Where did this come from?

:slight_smile:

“As the Government of the United States of America is not, in any sense, founded on the Christian religion; as it has in itself no character of enmity against the laws, religion, or tranquility, of Musselmen [that is, Muslims]; and as the said States never have entered into any war or act of hostility against any Mehomitan [that is, Islamic] nation, it is declared by the parties that no pretext arising from religious opinions shall ever produce an interruption of the harmony existing between the two countries.”


:)

Easy question to answer, as long as one is capable of using Google. But I’ll let anyone who is interested do that themselves.

But that was written long before 9/11.

So, let’s see what the other side say.

From the Hadith, and I quote from the Sunnah that is accepted by all Shiites and most Sunnis:

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Jews and Christians are assigned a special status as communities possessing scriptures and are called the “people of the Book" (ahl al-kitab) and, therefore, allowed religious autonomy. They are, however, required to pay a per capita tax called jizyah, as opposed to pagans, who are required to either accept Islam or die.


And I believe that pagans includes atheists and wicca.

So, accept or die TomS.

Hmmm… interesting. Another treaty written, signed and largely ignored?

D

We’re great at treaties here in the US. Native Americans have dozens of them, full of wonderful rhetoric and high flying ideas, and if the weather stays dry, they’re good for patching holes in the tepee too.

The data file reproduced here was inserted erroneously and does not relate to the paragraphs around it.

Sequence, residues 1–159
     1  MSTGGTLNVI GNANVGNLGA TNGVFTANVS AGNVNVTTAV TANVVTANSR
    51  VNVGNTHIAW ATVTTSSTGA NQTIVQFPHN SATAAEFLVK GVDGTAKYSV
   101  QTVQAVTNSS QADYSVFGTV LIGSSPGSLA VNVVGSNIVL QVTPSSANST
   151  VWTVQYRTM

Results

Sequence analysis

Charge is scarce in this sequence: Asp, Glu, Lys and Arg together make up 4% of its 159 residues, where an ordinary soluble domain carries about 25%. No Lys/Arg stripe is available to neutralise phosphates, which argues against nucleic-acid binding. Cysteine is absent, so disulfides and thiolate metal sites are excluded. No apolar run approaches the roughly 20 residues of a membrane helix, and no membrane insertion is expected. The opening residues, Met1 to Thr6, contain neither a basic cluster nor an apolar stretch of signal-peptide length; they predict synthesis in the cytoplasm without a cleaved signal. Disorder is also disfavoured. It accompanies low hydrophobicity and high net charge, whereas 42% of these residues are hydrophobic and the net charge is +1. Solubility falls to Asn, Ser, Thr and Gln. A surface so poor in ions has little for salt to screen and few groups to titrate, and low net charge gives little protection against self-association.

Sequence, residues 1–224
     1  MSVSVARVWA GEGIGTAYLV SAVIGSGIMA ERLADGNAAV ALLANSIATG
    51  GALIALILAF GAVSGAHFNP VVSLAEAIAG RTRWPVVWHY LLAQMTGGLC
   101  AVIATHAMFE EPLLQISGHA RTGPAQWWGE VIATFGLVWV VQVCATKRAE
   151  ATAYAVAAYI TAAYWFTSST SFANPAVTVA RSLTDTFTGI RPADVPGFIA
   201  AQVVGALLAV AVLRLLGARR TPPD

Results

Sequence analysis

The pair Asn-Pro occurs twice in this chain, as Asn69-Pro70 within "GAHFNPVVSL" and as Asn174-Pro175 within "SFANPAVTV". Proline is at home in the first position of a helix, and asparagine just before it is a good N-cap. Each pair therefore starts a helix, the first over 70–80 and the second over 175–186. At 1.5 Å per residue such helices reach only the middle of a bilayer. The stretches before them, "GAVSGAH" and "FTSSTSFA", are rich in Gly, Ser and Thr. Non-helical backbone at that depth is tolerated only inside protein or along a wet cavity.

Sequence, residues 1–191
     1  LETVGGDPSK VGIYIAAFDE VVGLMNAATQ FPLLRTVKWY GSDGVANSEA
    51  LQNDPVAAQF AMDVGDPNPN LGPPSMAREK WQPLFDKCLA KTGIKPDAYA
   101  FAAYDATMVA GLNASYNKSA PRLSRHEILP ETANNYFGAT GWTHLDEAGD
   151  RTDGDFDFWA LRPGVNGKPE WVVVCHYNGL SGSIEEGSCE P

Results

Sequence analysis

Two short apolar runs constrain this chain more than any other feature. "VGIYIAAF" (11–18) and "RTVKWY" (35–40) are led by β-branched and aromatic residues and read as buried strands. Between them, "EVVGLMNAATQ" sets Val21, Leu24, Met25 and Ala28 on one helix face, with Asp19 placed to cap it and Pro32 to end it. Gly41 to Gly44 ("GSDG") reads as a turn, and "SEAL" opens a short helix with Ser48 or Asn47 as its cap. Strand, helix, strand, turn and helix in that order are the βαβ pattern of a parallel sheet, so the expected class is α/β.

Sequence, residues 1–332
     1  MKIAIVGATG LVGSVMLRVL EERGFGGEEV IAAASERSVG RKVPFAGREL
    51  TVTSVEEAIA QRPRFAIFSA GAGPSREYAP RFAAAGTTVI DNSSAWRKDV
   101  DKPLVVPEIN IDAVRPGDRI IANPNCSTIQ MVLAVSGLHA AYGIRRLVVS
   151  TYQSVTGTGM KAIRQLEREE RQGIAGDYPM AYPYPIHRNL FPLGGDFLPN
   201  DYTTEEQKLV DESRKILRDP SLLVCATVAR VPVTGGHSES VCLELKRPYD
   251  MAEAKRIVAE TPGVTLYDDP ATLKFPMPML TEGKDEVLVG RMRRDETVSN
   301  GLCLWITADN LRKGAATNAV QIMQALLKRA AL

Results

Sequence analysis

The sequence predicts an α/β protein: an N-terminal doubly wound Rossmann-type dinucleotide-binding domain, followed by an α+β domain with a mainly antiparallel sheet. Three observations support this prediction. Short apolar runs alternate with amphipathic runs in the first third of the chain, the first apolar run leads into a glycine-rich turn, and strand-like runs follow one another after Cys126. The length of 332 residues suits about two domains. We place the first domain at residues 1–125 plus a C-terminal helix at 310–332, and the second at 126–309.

Religious fundamentalist fanatics. Seems to be plenty of them everywhere.

Why can’t they just suffer from their own beliefs quietly, and let the rest of us live our own lives the way we think is right?

Maybe it’s just people named George we should worry about.

Given that it was negotiated by Washington and signed by John Adams, it sort of gives the lie to the claim that the US was founded as a Christian nation.

Iblis, you are so right about the weather, but re: that particular selection for the Sunnah, well, I suspect we need to be careful not to underestimate the power of markets to change ideas; a fact about which I am rather ambivalent. Maybe it’s a false dichotomy - it should perhaps be “accept or die or get out there and sell some coca cola and hamburgers.” :)

True TomS. And that shows it’s not only religious fanatics we have to worry about, but self-serving hypocrites too.

And that shows what is truly great about America, and our president. We were able to chose someone to lead us who is a religious nut and a self-serving hypocrite.

Now, if we had a self-serving nut dispenser, that might be both politically useful and useful around the holidays too. I prefer cashews.

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religious nut and a self-serving hypocrite.


Even though I’m a Christian myself, I’d like to point out those two are one and the same yes?

D – ain’t got no use for “religion”…

Tom - we’ve been fighting this battle ever since the country was founded. The Tripoli document clears lays out what the Founding Fathers thought - we are not founded as a Christian nation, but as a nation open to any reglion, even the absence of religion.

So…who has read Dawkins’ new book The God Delusion? Quite a nice read. :)

I haven’t read his book. After his interview in Time magazine along with Frances Collins, I probably won’t read his book. He comes across as close-minded.

D